The 2020 IBM study on data breaches suggests that these anecdotes from our respondents may be indicative of a trend: Stolen or compromised credentials and cloud misconfigurations were the most common causes of security breaches, accounting for nearly 40% of malicious incidents,and the average cost of data breach in health care was US$7.13 million, the highest of all industries.3
In our client experience across industries, we have observed that even as technology organisations began embracing agile development, many continue to approach security in the same incremental, siloed way they did with waterfall. And in many DevOps pipelines, security is still treated as a bolt-on rather than a design feature. We recommend a shift-left security approach, which gets companies closer to DevSecOps, an evolution of DevOps. DevSecOps enables companies to automate good cybersecurity practices into the toolchain and use them consistently. The DevSecOps trend is more of a mindset than a formal set of rules and tools and systems thinking is at its foundation.4
“The move from on-premise data centres to cloud for a traditional health care player is a lot more complicated than people think if you’re paying attention to security. The first time you go into AWS, or try Google cloud, or the first time you try Oracle cloud, there’s an enormous amount to get right: setup and institutional knowledge, monitoring, security, performance and everything else. Because while each of those clouds sounds similar, their actual operations are very distinct and different. You have to think systems thinking end-to-end, you have to think engineering and when you do, really really evaluate those things.”
—SVP and CTO
Expertise and commitment
In the survey, two-thirds of respondents said lack of human resources with requisite expertise (69%) and incremental investment approach (66%) are their main challenges. Half of respondents said disparate systems and businesses from M&A (54%) and lack of defined vision (49%) have challenged their digital transformation strategy (figure 4). In interviews we heard that technical expertise—such as cloud engineering and software architecture, or even cyber, data and analytics—are easier to find than experts with institutional knowledge capable of systems thinking.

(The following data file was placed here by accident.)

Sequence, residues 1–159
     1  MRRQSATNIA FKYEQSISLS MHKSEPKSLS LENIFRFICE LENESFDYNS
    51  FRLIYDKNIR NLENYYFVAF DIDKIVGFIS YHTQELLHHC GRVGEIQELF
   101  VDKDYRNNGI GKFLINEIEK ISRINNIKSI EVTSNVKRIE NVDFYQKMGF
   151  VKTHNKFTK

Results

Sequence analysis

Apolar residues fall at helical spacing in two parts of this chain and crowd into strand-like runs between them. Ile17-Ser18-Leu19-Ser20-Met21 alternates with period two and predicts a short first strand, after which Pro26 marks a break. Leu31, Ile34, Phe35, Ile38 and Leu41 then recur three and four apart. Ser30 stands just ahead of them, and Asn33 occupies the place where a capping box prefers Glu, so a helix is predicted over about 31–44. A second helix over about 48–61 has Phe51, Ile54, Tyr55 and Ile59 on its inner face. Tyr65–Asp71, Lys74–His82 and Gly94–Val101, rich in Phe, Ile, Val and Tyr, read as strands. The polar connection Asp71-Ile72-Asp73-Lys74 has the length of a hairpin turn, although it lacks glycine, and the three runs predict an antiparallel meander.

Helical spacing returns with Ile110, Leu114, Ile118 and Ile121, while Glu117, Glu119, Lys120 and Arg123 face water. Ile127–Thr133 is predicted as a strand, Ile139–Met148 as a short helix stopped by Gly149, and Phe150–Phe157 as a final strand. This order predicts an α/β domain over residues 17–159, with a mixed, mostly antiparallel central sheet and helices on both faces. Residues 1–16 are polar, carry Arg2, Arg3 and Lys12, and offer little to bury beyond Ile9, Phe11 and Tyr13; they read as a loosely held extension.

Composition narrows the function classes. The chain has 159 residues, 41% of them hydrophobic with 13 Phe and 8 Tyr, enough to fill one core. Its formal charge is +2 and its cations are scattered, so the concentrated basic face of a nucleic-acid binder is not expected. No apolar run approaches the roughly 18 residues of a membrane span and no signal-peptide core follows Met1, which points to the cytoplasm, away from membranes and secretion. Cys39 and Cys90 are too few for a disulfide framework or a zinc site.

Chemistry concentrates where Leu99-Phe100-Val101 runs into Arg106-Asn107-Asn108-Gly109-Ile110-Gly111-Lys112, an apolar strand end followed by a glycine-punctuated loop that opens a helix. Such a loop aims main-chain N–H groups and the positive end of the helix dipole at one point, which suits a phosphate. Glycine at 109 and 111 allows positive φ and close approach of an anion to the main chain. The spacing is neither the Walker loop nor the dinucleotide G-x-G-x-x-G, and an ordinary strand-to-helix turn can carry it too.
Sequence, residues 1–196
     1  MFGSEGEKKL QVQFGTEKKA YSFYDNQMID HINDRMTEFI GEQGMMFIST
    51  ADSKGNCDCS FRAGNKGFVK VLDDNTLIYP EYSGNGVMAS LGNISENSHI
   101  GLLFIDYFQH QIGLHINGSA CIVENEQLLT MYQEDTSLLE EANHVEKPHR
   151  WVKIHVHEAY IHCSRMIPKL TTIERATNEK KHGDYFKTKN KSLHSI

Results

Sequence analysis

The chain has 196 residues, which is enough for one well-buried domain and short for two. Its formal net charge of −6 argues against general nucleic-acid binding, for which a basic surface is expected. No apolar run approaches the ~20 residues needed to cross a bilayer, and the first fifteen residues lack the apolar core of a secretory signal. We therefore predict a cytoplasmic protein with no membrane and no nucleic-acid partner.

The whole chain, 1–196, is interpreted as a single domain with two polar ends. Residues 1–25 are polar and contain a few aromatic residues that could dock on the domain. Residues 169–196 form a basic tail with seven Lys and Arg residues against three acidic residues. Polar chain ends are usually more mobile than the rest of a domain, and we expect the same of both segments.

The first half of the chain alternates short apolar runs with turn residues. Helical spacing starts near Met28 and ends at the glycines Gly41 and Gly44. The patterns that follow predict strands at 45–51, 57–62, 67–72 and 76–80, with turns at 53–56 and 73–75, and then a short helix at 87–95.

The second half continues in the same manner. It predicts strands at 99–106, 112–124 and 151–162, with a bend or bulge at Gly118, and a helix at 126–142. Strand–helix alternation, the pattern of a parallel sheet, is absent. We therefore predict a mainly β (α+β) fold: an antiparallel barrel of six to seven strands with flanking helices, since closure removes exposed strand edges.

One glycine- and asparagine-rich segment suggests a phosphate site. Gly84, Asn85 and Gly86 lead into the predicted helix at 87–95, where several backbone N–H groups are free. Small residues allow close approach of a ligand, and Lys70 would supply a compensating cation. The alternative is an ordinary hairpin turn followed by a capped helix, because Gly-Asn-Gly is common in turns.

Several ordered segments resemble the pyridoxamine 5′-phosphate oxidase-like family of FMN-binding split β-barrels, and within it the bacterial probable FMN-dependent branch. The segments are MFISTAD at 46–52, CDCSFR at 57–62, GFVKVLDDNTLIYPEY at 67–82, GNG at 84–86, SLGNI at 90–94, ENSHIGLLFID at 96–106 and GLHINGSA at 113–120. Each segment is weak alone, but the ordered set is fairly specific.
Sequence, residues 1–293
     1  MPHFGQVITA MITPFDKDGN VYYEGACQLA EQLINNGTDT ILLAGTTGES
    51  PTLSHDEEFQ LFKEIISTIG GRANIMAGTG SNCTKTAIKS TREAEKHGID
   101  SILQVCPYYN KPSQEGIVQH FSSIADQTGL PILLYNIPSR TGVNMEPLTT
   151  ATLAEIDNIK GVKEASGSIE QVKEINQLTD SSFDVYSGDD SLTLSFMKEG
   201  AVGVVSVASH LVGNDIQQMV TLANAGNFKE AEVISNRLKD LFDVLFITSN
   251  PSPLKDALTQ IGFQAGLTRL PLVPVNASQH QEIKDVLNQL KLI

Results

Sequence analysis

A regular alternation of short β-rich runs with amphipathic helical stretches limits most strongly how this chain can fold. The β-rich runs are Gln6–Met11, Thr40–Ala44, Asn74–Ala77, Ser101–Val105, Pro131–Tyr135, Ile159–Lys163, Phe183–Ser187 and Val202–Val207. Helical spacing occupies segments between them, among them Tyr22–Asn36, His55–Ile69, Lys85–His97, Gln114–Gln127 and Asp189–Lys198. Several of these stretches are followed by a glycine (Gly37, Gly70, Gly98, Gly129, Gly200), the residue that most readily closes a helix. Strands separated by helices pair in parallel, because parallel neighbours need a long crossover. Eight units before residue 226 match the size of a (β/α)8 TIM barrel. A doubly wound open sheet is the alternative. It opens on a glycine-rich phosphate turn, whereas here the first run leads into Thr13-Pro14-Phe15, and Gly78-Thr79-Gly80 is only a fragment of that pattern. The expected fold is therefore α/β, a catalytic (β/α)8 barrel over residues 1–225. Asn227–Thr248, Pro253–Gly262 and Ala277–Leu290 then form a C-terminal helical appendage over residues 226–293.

Based on this research and our client work, improving customer experience through digital transformation is not contingent on the status of platform modernisation or overall digital maturity. Health plans at different stages have an opportunity to advance their digital journeys and achieve quick wins in at least three areas: customer engagement, analytics and cyber. Consider these examples:
• Add text messaging (such as SMS) to omnichannel engagement. Customers increasingly favor text communications over voice. These days, a texting option can be a quick and inexpensive addition to a health plan’s customer service and care management platforms.
• Self-service workflow can help customers get easy questions answered or steps completed (e.g., benefits inquiry or claims status). This not only improves their experience but also reduces workload for customer-facing staff. Consider digital document upload for out-of-network claims or electronic submission of prior-authorisation requests and appeals.
• Analytics can raise customer relations or care management to a new level. In case study 2, we illustrated how one health plan used analytics to improve care gap closures and social service referrals. Other applications may involve personalised network steerage suggestions (imaging or labs) for members with a propensity to seek care out of network.
• Enhance identity and access management. A recent consumer survey showed 55% of consumers have stopped using a website because the login process was too complex and 92% of users will leave a website instead of recovering or resetting their login credentials.5 Managing access and identities is an essential business enablement function that touches on operational efficiency, compliance and cyber risk. At the same time, a well-executed, frictionless, authentication process can improve member experience. It assures the member that their information is secure without leaving them frustrated or locked out.
Digital transformation is about future-proofing the business. In Deloitte’s vision for the Future of Health, customers will exercise agency, engagement and control over most decisions about their health and their health data and there will be greater focus on preserving health and well-being. Companies that can create a delightful customer experience, invest in their health and earn their trust can win in this future. While health plans have different digital transformation strategies and are at different stages of maturity, they all recognise the time is now to seise this opportunity.
Innovation starts with insight and seeing challenges in a new way. Amid unprecedented uncertainty and change across the industry, stakeholders are looking for new ways to transform the journey of care. Deloitte’s US Life Sciences & Health Care practice helps clients transform uncertainty into possibility and rapid change into lasting progress. Comprehensive audit, advisory, consulting and tax capabilities can deliver value at every step, from insight to strategy to action.